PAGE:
(Incidentally, Priestley writes about the song the women sang as if it was well-known, but I have been unable to trace it.  I will add details if I find out more!  Perhaps that doesn’t matter, the mystery adds to the magic?)

Postscript Sunday 11 August 1940

In this BBC Postscript broadcast, Priestley described his recent visits to ENSA performances in munitions factories.  The Entertainments National Service Association had been set up in 1939 by theatre and film director Basil Dean to provide entertainment for the armed forces.

In the first factory Priestley visited, two thousand young women, “very natty in their coloured overalls”, pushed aside “what remained of the meat pies and fried plaice and chops they’d had for lunch” and sang “Oh Johnny, Oh Johnny, how you can love!” along with the orchestra.  The second factory was “grimmer and more masculine”, full of power and noise, shotblasters dressed like “divers or perhaps creatures from Mars”; the workers laughed heartily at the concert party of comedians telling what Priestley felt were old jokes.  Priestley praised these concerts for making the hard lives of these workers more enjoyable, and went on to express his life-long belief in the value of culture.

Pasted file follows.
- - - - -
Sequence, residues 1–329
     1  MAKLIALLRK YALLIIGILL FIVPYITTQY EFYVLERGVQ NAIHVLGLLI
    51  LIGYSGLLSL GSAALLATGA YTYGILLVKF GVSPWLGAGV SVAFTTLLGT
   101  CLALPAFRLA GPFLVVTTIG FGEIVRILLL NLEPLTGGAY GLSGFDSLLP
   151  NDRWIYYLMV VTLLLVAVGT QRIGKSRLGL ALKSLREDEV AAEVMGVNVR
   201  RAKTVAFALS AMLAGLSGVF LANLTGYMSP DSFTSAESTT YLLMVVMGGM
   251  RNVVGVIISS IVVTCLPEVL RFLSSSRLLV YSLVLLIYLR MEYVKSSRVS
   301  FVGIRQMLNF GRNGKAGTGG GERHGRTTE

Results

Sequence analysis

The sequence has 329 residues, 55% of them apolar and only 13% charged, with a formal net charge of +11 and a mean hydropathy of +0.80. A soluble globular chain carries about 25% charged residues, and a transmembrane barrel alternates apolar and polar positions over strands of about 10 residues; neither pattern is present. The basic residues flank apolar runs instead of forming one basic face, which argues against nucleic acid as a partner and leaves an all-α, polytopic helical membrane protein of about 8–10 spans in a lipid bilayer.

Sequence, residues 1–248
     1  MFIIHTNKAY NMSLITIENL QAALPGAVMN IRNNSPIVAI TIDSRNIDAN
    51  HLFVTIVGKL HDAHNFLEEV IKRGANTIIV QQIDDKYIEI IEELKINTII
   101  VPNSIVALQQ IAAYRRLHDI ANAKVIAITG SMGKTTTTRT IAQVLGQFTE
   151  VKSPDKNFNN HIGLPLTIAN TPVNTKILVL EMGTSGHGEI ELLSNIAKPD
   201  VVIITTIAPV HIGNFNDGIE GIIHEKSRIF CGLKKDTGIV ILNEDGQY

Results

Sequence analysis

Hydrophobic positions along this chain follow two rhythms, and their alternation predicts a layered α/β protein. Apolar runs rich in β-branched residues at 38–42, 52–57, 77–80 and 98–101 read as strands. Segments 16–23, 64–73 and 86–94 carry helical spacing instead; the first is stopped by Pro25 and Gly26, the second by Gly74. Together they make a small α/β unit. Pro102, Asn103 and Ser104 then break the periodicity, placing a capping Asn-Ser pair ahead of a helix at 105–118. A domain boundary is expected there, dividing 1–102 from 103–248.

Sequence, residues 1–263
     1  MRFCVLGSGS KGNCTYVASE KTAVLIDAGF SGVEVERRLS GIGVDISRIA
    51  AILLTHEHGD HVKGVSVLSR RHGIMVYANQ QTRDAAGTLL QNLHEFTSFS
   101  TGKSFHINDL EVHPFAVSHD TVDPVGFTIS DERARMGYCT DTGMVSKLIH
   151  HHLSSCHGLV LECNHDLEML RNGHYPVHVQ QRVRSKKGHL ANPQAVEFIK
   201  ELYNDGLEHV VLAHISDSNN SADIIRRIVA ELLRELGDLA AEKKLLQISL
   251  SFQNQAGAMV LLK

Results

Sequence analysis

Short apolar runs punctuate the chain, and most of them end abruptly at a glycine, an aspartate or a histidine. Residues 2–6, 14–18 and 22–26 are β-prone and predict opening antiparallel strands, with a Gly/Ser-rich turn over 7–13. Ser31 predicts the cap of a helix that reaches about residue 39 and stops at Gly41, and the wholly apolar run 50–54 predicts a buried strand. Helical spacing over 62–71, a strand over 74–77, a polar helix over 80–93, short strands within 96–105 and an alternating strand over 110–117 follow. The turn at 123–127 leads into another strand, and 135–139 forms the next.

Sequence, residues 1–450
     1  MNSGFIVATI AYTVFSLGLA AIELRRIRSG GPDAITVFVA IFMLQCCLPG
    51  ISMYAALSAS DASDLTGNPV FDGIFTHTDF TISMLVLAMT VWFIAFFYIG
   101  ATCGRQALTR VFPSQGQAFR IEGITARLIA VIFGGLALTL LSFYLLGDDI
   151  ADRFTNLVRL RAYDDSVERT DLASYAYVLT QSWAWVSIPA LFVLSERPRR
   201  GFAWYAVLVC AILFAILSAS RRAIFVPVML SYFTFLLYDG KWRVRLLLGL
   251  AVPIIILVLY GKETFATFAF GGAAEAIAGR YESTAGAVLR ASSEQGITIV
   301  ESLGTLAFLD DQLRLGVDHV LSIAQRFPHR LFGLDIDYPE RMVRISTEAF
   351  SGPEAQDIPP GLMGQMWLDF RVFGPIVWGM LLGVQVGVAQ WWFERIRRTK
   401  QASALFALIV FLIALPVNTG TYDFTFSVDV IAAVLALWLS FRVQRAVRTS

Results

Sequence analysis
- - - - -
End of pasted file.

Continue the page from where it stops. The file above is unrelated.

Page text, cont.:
Aircraft factory, from cover of US edition of Daylight on Saturday

Aircraft factory, from cover of US edition of Daylight on Saturday